Experience-Based Access Management (EBAM)

Report
Modeling and Detecting Anomalous
Topic Access
Siddharth Gupta1, Casey Hanson2, Carl A Gunter3,
Mario Frank4, David Liebovitz4, Bradley Malin6
1,2,3,4Department
of Computer Science, 3,5Department of Medicine, 6Department of
Biomedical Informatics
1,2,3University of Illinois at Urbana-Champaign, 4University of California, Berkeley,
5Northwestern University, 6Vanderbilt University
Outline of the talk
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Motivation and Challenges
Our Contributions
Dataset Description
Random Topic Access (RTA) Model
Random Topic Access Detection (RTAD) Model
Evaluation and Results
EMR Access Breach
Reported on April 2013
• The University of Florida : 2 offenders illegitimately accessed 15,000 patients
over 3 years (March 2009- October 2012).
• Personal information, including names, addresses, date of birth, medical
record numbers and Social Security numbers were compromised for the
purposes of billing fraud.
• One of the offender was the insider in the hospital without prior.
• How can we efficiently model and detect these types of attacks in the
healthcare system.
Motivation
• Two broad classes of threats:
• Inside Threats: the behaviors of hospital users (staff) that adversely affects the
healthcare institution, where they commit financial frauds, medical identity
thefts and curiosity accesses to EMR.
• Outside Threats: an outsider entity hires an insider to commit fraud, a visitor
accessing records on open computers in some scenarios, untrustable patient
seeking information about other patient’s records.
• Ramifications: Irreversible violation of patient privacy and subsequent high
cost for hospitals.
• Deterrent: The current legal deterrent is a number of legal regulations, such as
the HIPAA and HITECH, which impose specific privacy rules for patients and
financial penalties for violating them
Classical Detection Methodologies
• Build a classifier on labeled data to differentiate
anomalous users from legitimate users.
• Real healthcare data is not labeled.
• Current methods use injection of synthetic
anomalous users and evaluate on them.
Random Object Access
• In Healthcare information systems the primary
mechanism for generating anomalous users is to
associate users with random patients in the dataset.
• We call such a system, ROA (random object access).
• The resulting user doesn’t appear to be a plausible
attacker in the real hospital setting.
Our Contributions
• Random Topic Access (RTA): we introduce and study a random
topic access model or RTA aimed at users whose access may be
illegitimate but is not fully random because it is focused on
common semantic themes.
• User Simulation: we utilize the latent topic framework to simulate
illegitimate users and model them as samples from a Dirichlet
distribution over topic multinomials.
• Anomaly Detection Framework: study RTA to detect and evaluate
the users having suspicious access patterns.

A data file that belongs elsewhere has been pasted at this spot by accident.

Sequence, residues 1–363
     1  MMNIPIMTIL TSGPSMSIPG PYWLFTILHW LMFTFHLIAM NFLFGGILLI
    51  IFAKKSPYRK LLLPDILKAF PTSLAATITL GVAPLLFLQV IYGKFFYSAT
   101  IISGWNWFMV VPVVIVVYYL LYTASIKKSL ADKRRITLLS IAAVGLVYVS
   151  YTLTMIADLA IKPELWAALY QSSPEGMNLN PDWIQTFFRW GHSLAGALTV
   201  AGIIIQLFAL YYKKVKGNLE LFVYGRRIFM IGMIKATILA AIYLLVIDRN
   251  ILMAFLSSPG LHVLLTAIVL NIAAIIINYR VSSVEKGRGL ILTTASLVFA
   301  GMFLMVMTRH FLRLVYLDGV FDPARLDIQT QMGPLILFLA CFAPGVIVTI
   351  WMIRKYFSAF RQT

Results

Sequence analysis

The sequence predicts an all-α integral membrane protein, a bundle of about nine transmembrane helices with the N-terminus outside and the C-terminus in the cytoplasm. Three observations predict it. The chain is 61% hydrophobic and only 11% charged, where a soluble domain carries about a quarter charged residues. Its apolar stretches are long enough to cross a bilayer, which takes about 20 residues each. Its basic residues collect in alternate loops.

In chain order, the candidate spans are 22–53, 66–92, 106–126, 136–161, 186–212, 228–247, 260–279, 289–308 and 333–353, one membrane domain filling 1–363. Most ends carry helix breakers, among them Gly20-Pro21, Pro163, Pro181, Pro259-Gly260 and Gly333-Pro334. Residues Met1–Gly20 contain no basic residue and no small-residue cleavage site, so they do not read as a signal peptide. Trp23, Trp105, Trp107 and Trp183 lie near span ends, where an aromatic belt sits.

Data Set
Fig a)
Summary
Statistics for
Audit Logs
Fig b)
Summary
Statistics for
Patient Records
Random Topic Access (RTA) Model
• Random Topic Access (RTA) Model: a mechanism for utilizing
latent topic structures to represent real users in the population
and allow for the synthetic generation of semantically relevant
anomalous users.
• Topic modeling can provide a concise description of how a user
behaves in the context of his peers and the meaning of that
behavior.
• Model users as samples from a Dirichlet distribution over topic
multinomials.
Latent Dirichlet Allocation (LDA)
Diagnosis Raw Feature
Patient
1
2
3
1
0
1
0
...
4500
1
LDA
Diagnosis Topic Feature
Patient Topic 1 Topic 2 Topic 3
1
0.2
0.1
0.70
Topic Distributions
Topics Distributions
Neoplasm Topic
Obstetric Topic
Diagnosis Topics
Kidney Topic
Characterizing Users
P(Topic)
User and Accessed Patient Topic Distributions
1
0.9
0.8
0.7
0.6
0.5
0.4
0.3
0.2
0.1
0
Number of Accesses
100
90
80
70
60
50
40
30
Topic 1
Topic 2
Topic ID
Topic 3
20
10
0
Patient 1: 100 times
Patient 2: 30 times
User
Patient 1
Patient 2
Multidimensional Scaling:
Patient Diagnosis
RTA: Simulating Users
•
r ~ Dir() with n dimensions, where n is the number of topics.
a.) Directed or Masquerading User (α<1) : an anomalous user of some specialty gains sole access
to the terminal of another user in the hospital.
b.) Purely Random User (α=1): user is characterized by completely random behavior, with little
semantic congruence to the hospital setting
c.) Indirect User: user type resembles an even blend of the topics of many specialized users
Population Distribution
A. Directed Users
α = 0.01
B. Purely Random Users
α=1
α = 0.1
C. Indirected Users
α = 100
Role Distribution
Masquerading Users
Purely Random Users
Anomalous Users
Real Users
Indirect Users
NMH Resident Fellow CPOE
Random Topic Access Detection
(RTAD)
• Random Topic Access Detection (RTAD): an anomaly detection framework that
generates synthetic users using RTA and applies a standard spatial outlier, knearest neighbor k-NN detection scheme for classification.
• Methodology
1. LDA: define patient topics, and user typing to represent users in the topic
space.
2. RTA user injection: generate three types of anomalous users and insert into
each role at a 5% mix rate.
3. Detection (k-NN): if the ratio of the avg. distance from a user to its k nearest
spatial neighbors to the avg. pairwise distance among those neighbors is
greater than a threshold, call the user anomalous.
4. Evaluation Metric: best Area Under the Curve (AUC) for each  , role
combination.
Results - I
The best AUC across all evaluated dimensions is plotted for each role performing
poor for  > 1 .
Results - II
The best AUC across all evaluated dimensions is plotted for each role performing
well or near average for  > 1.
Thank You !
Sponsors:
Contact: [email protected]

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